POSTED ON NOVEMBER 4, 2009:
No Senior Left Behind?
Hot meals for elderly likely to feel sting of budget cuts
So it turns out Marie Antoinette probably never did utter the infamously dismissive, "let them eat cake."
Neither, so far as we know, did Oklahoma's top elected officials -- but they might as well have.
Their appalling indifference to deepening budget cuts that eliminated thousands of hot meals provided to low-income, often immobile seniors is undoubtedly the blackest eye in a series of black eyes besmirching Oklahoma's reputation.
You're telling me Gov. Brad Henry, House Speaker Chris Benge and Senate President Pro Tem Glenn Coffee can't find $7.4 million -- out of a $7.2 billion budget plus hundreds of millions in federal stimulus dollars -- to help the least among us, especially as we enter cold weather season?
As the late Minnesota Senator and former Vice President Hubert Humphrey once put it, the "moral test of government is how that government treats those who are in the dawn of life, the children; those who are in the twilight of life, the elderly; and those who are in the shadows of life, the sick, the needy and the handicapped."
You can chalk all this up to a liberal's rant, if you like, but before you do, consider this: It costs about $25 a week to provide the average Oklahoma senior five hot meals -- most delivered by volunteers whose efforts don't cost the taxpayers a red cent.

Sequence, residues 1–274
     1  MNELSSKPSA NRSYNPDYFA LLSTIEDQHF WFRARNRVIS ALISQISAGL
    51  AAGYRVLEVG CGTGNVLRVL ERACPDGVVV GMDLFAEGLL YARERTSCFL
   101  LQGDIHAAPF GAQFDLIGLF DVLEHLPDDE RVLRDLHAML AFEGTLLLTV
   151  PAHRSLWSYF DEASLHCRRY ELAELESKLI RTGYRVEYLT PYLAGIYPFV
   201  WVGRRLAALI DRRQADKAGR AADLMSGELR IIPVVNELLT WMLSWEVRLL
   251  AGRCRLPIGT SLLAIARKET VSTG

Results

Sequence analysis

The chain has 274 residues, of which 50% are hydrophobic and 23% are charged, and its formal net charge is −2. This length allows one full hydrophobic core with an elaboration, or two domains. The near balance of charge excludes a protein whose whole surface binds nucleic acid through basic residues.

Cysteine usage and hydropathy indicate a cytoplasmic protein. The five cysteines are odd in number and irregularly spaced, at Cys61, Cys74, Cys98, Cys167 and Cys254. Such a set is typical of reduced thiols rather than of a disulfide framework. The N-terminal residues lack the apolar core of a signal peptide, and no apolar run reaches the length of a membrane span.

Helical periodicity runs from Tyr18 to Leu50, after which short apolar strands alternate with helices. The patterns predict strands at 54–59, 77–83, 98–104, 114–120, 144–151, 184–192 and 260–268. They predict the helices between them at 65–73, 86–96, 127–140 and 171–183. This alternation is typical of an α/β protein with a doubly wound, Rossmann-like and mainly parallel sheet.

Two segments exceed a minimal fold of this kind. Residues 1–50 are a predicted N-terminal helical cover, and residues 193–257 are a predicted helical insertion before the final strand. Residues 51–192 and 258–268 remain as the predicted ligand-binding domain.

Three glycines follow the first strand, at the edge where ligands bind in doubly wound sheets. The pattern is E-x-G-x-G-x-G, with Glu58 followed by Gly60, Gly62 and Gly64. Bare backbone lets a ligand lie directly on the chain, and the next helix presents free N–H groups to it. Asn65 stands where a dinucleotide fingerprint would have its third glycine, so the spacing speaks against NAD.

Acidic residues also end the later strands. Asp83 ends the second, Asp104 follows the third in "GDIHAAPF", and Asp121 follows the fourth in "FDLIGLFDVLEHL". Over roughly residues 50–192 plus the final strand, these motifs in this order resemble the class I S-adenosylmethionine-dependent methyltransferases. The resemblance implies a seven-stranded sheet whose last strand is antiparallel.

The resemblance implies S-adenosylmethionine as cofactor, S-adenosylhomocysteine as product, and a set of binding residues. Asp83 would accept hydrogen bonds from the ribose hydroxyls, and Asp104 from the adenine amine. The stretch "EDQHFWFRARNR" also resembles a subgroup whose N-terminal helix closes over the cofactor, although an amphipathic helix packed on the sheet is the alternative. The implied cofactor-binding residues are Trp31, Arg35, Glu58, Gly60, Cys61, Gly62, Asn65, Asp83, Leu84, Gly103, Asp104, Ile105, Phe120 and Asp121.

Further, the $25 spent by the state is matched dollar-for-dollar by the feds, stretching our humanitarian efforts even further.
What happens if we let these seniors slip deeper into "the shadows?" For some, physical and mental health could decline to the point that they no longer are able to live independently. Next stop: a nursing home.
Think very many of these poor, elderly Oklahomans could afford the cost of such care? Not likely. Who picks up the tab? The taxpayers. The cost? An average $910 per week.
Here we go again -- state leaders unable or unwilling to make the tough, but necessary choices now, even though the long-term savings potentially are astronomical.
It defies logic, except when viewed through the prism of power politics.
Although seniors typically vote in higher percentages than most other groups, it can be difficult, if not impossible, for many of these lower-income, mobility-challenged seniors to get to the polls. Strike one.
Their meager financial resources relegate them to an after-thought in a political world where sizeable campaign contributions are necessary to open doors and guarantee face time with elected officials. Strike two.
Finally, lower-income seniors tend to vote Democratic, making them a group whose turnout surging Republicans are hardly interested in encouraging. Strike three.
Lest you think all at the statehouse are motivated by such hardball calculations, it's worth noting that lawmakers from both parties are imploring their leaders and the governor to resolve a dire situation that not only affects meals-on-wheels-type programs, but also senior nutrition centers and transportation services.